SA Medical association calls for immediate Covid-19 booster shots.
By Lehlohonolo Lehana.
The South African Medical Association (SAMA) says it is necessary that vaccine booster shots for healthcare workers – including doctors – are made available immediately.
The not-for-profit group, representing the interests of more than 12,000 medical doctors in South Africa, said that it was concerned about the immunity and efficacy of single-dose vaccinations, such as the Johnson & Johnson vaccine.
"It’s critical, in our view, that booster shots be administered to all doctors and healthcare workers as a matter of routine and as early as is needed.
"These are people who are literally on the frontline of a war and who have made enormous sacrifices to assist others. It’s our duty, and the duty of authorities, to ensure these brave men and women receive the best possible protection they can, which is possible through authorizing booster shots," says Dr Angelique Coetzee, chairperson of SAMA.
Dr Coetzee says the high effectiveness of reducing hospitalisations among those who have received second doses and booster shots will ensure the continued health of healthcare workers and reduce transmissions in health facilities. In addition, she said, booster shots will become more necessary as new variants of Covid-19 arise.
"Resources, both human and operational, are already stretched, and the battles against Covid– especially during the first three waves – have exacted a further heavy toll.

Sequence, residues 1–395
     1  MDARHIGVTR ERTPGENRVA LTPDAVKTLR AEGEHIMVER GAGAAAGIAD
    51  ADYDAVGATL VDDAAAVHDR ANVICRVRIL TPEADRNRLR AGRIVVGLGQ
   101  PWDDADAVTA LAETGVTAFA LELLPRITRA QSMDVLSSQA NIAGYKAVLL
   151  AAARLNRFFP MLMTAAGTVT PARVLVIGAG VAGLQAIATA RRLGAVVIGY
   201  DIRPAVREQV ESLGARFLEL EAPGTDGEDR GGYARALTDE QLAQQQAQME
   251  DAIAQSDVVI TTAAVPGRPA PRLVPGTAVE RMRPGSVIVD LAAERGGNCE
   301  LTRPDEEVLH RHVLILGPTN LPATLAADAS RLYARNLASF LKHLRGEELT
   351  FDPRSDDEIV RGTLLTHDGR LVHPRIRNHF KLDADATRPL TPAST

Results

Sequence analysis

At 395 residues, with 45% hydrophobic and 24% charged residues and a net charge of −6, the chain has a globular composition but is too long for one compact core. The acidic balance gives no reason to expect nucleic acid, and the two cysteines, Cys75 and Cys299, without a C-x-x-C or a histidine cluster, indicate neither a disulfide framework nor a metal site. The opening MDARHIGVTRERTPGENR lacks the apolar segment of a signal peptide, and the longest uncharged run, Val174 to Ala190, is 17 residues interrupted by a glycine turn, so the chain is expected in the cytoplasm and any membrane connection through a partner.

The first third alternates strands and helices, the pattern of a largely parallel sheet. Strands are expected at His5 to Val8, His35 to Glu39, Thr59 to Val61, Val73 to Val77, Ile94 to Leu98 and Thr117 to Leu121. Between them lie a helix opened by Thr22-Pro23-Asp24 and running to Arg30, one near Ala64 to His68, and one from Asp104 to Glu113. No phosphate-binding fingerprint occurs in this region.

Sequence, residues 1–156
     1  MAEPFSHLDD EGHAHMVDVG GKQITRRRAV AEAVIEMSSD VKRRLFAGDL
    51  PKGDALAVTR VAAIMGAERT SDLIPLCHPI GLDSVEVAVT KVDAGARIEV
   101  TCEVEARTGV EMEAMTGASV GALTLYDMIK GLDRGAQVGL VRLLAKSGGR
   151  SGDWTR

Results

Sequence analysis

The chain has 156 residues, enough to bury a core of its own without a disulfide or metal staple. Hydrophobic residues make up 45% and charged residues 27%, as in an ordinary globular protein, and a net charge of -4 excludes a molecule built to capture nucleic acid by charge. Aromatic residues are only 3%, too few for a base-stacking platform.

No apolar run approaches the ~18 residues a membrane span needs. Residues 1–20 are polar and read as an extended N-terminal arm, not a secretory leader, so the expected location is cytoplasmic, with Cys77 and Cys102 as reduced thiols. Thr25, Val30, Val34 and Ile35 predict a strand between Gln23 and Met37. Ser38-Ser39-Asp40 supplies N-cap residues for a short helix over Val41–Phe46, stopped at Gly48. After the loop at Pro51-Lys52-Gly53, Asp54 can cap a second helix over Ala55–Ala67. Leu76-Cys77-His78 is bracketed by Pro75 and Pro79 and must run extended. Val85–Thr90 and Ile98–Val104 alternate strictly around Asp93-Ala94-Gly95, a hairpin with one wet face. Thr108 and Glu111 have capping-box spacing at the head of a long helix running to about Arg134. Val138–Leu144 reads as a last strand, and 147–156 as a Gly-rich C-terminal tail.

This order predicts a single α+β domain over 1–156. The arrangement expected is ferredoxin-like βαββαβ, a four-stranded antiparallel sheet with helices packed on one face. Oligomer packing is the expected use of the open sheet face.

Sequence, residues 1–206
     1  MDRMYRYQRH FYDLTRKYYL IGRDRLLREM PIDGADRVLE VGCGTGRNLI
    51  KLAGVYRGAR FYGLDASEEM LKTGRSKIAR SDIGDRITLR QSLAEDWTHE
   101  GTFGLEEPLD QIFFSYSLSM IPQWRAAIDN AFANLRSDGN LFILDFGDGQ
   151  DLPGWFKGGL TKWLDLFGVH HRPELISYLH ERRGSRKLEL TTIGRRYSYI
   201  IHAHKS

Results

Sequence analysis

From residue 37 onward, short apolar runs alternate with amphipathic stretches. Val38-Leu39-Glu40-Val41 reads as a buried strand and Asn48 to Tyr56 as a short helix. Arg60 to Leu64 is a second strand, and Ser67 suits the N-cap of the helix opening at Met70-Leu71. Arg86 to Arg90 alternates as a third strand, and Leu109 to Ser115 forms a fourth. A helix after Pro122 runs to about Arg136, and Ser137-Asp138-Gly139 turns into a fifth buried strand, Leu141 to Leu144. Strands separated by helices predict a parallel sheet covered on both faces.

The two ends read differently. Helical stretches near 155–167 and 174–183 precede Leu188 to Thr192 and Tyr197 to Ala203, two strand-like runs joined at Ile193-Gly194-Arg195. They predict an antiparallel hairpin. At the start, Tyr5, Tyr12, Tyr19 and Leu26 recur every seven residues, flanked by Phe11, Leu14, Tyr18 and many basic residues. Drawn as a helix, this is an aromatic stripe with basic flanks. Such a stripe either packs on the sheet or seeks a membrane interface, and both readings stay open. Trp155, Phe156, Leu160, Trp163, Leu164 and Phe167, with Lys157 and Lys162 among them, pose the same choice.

"Doctors are emotionally strained, and we are still receiving information on burnout among many of our colleagues. Booster doses will go a long way to send a message to doctors that they are being supported and that their efforts are being recognised," said Dr Coetzee.
Because vaccines are in good supply and that providing booster shots will not dent supply to those who need their first shots, Dr Coetzee said it’s now time to start prioritising the roll-out of boosters to all healthcare workers.
She said that government should give healthcare workers the individual right to choose between the second dose of J&J or Pfizer.
"We still need to focus on getting as many South Africans vaccinated as possible, and we will support those efforts. But vaccine supply is not constrained, and some of those which are available must be given to the people who face this pandemic head-on every day without diverting anything from the public. We believe the scientific evidence strongly favours this approach," notes Dr Coetzee.
Dr Coetzee said the administration of booster doses to healthcare workers must not detract from intensive efforts to ensure all healthcare workers who have not yet received their initial doses get these done as a matter of urgency.